Triple Function of Synaptotagmin 7 Ensures Efficiency of High-Frequency Transmission at Central GABAergic Synapses
2017; 21 (8): 2082–89
Synaptotagmins: That's Why So Many
2017; 94 (4): 694–96
Synaptotagmin 7 (Syt7) is thought to be a Ca2+ sensor that mediates asynchronous transmitter release and facilitation at synapses. However, Syt7 is strongly expressed in fast-spiking, parvalbumin-expressing GABAergic interneurons, and the output synapses of these neurons produce only minimal asynchronous release and show depression rather than facilitation. To resolve this apparent contradiction, we examined the effects of genetic elimination of Syt7 on synaptic transmission at the GABAergic basket cell (BC)-Purkinje cell (PC) synapse in cerebellum. Our results indicate that at the BC-PC synapse, Syt7 contributes to asynchronous release, pool replenishment, and facilitation. In combination, these three effects ensure efficient transmitter release during high-frequency activity and guarantee frequency independence of inhibition. Our results identify a distinct function of Syt7: ensuring the efficiency of high-frequency inhibitory synaptic transmission.
View details for DOI 10.1016/j.celrep.2017.10.122
View details for Web of Science ID 000416216700007
View details for PubMedID 29166601
View details for PubMedCentralID PMC5863544
Synaptotagmin 2 Is the Fast Ca2+ Sensor at a Central Inhibitory Synapse
2017; 18 (3): 723–36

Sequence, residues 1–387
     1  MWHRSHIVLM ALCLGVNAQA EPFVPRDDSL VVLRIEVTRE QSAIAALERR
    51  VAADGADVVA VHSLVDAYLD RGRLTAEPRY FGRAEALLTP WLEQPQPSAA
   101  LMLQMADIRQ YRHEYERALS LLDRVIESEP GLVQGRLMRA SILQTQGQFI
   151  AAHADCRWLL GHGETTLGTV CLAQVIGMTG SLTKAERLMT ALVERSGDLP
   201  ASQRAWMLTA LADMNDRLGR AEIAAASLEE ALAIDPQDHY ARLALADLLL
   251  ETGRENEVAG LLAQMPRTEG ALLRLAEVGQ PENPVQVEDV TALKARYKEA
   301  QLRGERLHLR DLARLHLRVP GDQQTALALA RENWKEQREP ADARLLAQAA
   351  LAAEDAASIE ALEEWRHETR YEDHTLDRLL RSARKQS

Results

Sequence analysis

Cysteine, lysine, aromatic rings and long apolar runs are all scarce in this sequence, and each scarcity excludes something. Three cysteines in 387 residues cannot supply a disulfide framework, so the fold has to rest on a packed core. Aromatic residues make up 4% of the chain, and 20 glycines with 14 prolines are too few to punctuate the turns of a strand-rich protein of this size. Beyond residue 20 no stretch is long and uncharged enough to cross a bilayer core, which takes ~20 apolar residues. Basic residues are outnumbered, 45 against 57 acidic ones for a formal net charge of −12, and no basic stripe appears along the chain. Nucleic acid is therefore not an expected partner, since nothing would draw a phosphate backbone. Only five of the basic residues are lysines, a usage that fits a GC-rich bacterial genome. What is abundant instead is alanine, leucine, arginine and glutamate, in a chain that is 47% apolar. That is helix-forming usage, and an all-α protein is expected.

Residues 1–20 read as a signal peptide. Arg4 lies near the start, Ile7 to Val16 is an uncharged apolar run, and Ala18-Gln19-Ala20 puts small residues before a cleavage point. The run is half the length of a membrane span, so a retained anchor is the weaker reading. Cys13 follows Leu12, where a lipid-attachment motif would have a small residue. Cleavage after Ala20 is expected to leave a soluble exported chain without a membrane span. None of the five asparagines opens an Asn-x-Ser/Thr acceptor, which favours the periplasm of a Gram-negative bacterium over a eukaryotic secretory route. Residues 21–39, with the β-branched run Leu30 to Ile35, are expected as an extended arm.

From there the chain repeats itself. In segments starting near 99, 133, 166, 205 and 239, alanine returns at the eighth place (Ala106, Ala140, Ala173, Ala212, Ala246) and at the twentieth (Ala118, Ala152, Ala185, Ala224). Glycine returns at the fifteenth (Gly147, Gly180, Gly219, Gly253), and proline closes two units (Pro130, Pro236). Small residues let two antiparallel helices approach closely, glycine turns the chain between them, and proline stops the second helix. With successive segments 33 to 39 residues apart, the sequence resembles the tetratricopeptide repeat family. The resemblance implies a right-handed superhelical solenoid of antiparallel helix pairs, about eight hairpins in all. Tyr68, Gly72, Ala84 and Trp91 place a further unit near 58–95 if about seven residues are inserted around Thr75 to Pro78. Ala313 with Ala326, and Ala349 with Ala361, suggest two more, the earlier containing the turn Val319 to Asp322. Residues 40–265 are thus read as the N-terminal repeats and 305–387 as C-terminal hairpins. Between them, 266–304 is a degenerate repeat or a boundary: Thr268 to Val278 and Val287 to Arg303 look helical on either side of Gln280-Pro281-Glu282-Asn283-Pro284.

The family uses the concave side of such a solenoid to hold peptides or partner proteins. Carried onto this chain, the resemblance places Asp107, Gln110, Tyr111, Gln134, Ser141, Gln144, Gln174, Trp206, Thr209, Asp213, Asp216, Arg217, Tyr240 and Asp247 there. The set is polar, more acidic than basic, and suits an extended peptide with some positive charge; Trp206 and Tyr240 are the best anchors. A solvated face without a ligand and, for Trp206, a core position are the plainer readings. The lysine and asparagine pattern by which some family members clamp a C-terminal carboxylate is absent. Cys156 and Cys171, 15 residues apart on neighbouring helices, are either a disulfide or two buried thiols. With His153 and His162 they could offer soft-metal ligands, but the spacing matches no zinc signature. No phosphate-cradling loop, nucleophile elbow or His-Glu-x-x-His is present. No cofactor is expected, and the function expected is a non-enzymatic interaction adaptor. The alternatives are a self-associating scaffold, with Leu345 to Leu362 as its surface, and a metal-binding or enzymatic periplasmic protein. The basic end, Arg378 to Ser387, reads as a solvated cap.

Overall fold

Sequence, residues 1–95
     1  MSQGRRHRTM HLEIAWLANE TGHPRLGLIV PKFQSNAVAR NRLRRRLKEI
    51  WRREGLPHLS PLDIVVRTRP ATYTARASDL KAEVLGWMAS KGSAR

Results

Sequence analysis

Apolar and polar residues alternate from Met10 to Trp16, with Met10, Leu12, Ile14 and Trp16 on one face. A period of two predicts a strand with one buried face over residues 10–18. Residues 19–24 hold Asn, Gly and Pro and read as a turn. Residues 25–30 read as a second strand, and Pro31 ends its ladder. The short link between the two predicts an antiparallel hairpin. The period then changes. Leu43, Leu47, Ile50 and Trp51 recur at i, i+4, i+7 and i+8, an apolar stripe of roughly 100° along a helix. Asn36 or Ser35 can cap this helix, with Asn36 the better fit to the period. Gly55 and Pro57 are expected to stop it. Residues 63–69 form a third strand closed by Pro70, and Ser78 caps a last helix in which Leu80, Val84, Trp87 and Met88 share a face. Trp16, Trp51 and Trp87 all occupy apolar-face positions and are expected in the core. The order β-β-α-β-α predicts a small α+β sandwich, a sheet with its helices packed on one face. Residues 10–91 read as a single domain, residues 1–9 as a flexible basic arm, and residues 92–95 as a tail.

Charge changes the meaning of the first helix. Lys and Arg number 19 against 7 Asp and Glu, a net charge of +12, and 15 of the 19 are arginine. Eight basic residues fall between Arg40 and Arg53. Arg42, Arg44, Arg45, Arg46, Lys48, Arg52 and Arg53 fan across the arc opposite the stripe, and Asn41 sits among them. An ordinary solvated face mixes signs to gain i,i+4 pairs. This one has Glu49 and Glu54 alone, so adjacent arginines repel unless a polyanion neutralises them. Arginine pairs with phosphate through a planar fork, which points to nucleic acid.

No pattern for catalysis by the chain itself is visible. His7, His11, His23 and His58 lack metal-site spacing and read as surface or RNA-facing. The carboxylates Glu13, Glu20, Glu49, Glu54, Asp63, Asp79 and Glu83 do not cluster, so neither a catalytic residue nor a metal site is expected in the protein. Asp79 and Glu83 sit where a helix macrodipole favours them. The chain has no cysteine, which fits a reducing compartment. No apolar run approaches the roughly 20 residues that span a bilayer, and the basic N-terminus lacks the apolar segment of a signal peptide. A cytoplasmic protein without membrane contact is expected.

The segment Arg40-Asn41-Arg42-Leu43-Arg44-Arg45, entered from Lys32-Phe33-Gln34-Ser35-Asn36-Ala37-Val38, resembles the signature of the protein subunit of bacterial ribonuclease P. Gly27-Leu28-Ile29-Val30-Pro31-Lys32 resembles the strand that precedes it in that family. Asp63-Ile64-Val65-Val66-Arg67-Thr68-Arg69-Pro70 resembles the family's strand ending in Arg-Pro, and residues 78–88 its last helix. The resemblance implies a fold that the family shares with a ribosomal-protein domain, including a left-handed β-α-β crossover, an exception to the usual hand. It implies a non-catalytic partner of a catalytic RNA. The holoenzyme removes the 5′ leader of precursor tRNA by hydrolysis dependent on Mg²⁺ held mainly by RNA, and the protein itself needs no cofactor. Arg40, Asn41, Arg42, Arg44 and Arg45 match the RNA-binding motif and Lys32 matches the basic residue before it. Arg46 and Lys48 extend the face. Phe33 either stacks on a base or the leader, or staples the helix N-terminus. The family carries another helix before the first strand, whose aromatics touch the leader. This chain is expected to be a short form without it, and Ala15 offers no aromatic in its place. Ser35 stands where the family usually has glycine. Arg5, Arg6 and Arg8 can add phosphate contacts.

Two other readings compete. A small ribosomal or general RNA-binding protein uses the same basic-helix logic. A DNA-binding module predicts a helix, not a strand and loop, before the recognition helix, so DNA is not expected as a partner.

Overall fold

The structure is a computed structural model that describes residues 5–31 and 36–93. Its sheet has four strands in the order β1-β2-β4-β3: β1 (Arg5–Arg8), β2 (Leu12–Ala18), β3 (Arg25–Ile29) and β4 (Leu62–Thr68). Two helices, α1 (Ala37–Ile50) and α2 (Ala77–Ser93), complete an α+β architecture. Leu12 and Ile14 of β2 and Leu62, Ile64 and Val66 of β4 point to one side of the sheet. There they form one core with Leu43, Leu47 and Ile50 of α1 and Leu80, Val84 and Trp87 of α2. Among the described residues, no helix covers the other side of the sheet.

Synaptotagmin 7 (Syt7) was originally identified as a slow Ca2+ sensor for lysosome fusion, but its function at fast synapses is controversial. The paper by Luo and Südhof (2017) in this issue of Neuron shows that at the calyx of Held in the auditory brainstem Syt7 triggers asynchronous release during stimulus trains, resulting in reliable and temporally precise high-frequency transmission. Thus, a slow Ca2+ sensor contributes to the fast signaling properties of the calyx synapse.
View details for DOI 10.1016/j.neuron.2017.05.011
View details for Web of Science ID 000401415100002
View details for PubMedID 28521120
Alleviation of neuropathic pain by regulating T-type calcium channels in rat anterior cingulate cortex
2015; 11: 7
GABAergic synapses in brain circuits generate inhibitory output signals with submillisecond latency and temporal precision. Whether the molecular identity of the release sensor contributes to these signaling properties remains unclear. Here, we examined the Ca2+ sensor of exocytosis at GABAergic basket cell (BC) to Purkinje cell (PC) synapses in cerebellum. Immunolabeling suggested that BC terminals selectively expressed synaptotagmin 2 (Syt2), whereas synaptotagmin 1 (Syt1) was enriched in excitatory terminals. Genetic elimination of Syt2 reduced action potential-evoked release to ∼10%, identifying Syt2 as the major Ca2+ sensor at BC-PC synapses. Differential adenovirus-mediated rescue revealed that Syt2 triggered release with shorter latency and higher temporal precision and mediated faster vesicle pool replenishment than Syt1. Furthermore, deletion of Syt2 severely reduced and delayed disynaptic inhibition following parallel fiber stimulation. Thus, the selective use of Syt2 as release sensor at BC-PC synapses ensures fast and efficient feedforward inhibition in cerebellar microcircuits.